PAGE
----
University fined for double slurry pollution

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The University of Cambridge has been ordered to pay fines totalling £28,000 and full costs of £7,363 after tributaries of the River Great Ouse were polluted twice last year.

The tributaries were polluted with slurry from Park Farm, Church Lane, Madingley, Cambridge, which is a farm owned and operated by the University of Cambridge.

At Cambridge Magistrates Court on Thursday 30 May, the University pleaded guilty to two offences of causing pollution on 10 May 2012 and again on the 10 June 2012. They were fined £12,000 for the first incident and £16,000 for the second incident.

Following a report of pollution, an Environment Agency officer traced the pollution on 10 May 2012 upstream to a field where slurry had recently been spread. Investigations revealed that slurry had entered the tributary via an unknown drainage pipe.

After a second report of pollution, an Environment Agency officer traced the pollution on 10 June 2012 upstream to another field where slurry had again recently been spread. The next day, following heavy overnight rain, the field was completely waterlogged.

Under similar circumstances to the first incident, unknown drainage pipes were found to be discharging slurry into field ditches connected to tributaries of the River Great Ouse.

Claire Corfield, prosecuting for the Environment Agency, said: “This was not an isolated lapse, following the first incident the defendant failed to take appropriate measures such as tankering to prevent a second pollution incident. The causes of both incidents were the same.”

It was admitted in interview that the estimated post application rate of slurry applied was in excess of the recommended rates provided in the Code of Good Agricultural Practice guidance. The defendant also admitted that the soil moisture levels were misjudged.

An Environment Agency officer investigated a report of pollution at Dry Drayton Road Bridge near Madingley on 10 May 2012. The tributary of the Beck Brook was affected for up to 1.9 kilometres, and the officer saw evidence of discolouration and detected a manure smell.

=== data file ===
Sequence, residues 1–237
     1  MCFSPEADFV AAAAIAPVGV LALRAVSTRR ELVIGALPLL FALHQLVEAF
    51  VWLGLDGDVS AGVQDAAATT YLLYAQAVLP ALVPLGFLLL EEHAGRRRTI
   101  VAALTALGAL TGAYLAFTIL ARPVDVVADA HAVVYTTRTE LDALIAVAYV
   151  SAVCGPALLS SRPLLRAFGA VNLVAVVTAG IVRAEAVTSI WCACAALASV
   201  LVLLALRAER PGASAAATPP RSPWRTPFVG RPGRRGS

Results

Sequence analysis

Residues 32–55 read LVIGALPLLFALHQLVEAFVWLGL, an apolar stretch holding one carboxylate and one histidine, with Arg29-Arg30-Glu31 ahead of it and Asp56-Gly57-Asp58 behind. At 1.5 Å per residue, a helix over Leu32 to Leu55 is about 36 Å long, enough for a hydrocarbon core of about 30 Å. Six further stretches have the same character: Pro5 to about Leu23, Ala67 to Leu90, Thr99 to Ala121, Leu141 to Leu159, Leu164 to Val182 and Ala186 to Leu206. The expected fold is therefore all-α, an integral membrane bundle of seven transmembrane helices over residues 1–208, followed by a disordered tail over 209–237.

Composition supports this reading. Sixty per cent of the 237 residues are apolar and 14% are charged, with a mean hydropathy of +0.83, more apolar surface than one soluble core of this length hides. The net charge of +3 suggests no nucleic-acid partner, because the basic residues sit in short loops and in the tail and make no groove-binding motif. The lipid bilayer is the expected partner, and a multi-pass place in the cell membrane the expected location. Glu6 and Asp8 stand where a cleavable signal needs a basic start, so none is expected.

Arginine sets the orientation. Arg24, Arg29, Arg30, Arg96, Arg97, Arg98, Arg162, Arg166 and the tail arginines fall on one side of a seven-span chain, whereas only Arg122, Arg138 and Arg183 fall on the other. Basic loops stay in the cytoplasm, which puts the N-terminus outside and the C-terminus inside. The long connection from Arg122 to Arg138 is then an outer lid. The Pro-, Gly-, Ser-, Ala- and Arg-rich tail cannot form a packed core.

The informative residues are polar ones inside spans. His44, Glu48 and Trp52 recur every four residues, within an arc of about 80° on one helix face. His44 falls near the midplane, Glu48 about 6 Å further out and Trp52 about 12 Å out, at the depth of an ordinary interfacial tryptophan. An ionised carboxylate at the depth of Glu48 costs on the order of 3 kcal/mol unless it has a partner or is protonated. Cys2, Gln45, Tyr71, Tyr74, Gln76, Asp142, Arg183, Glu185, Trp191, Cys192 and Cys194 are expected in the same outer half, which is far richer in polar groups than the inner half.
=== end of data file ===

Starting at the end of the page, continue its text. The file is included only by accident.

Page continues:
He saw brown liquid discharging from a drainage pipe, this was bunged. A return visit five days later found that the pollution had cleared.

A second pollution took place on Park Farm on 10 June 2012. The Environment Officer traced the pollution upstream to another field where slurry had recently been spread and found a drainage pipe discharging slurry into a ditch to the Western edge of the field.

The following day, after heavy overnight rain, officers returned and found that the field was completely waterlogged. Slurry was escaping the field in multiple directions via unknown drainage pipes before entering field ditches leading to the Beck Brook and Callow Brook. The pollution had flowed approximately 7.3 kilometres downstream in the Beck Brook. In the May incident, there was an impact on water quality of the tributary of the Beck Brook for approximately 1.9 kilometres.

In the June incident, there was an impact on water quality of the tributary of the Beck Brook and the Beck Brook itself for approximately 6 kilometres. Water quality of the Callow Brook was also impacted for approximately 2 kilometres. Tests on 18 June showed an improvement in water quality.

Euan Simpson, a senior environment officer for the Environment Agency, said: “The case demonstrates the importance of following industry guidance to ensure that manures are spread safely and accurately to minimise risk to the environment.

“The Environment Agency are pleased that the university have taken steps to reduce the risk of incidents such as this occurring on their farm again.”

The university expressed deep regret for the incidents and entered early guilty pleas.

Christopher Hopkins, on behalf of the University of Cambridge, said that following the incidents the university has spent in excess of £4,500 on a new flow meter and on a remote emergency engine stop for the spreading system.

They have also spent in excess of £70,000 on slurry tankering. Both incidents followed misjudgments regarding expected rainfall and soil moisture levels.

Last year, Cambridgeshire received double the amount of usual annual rainfall.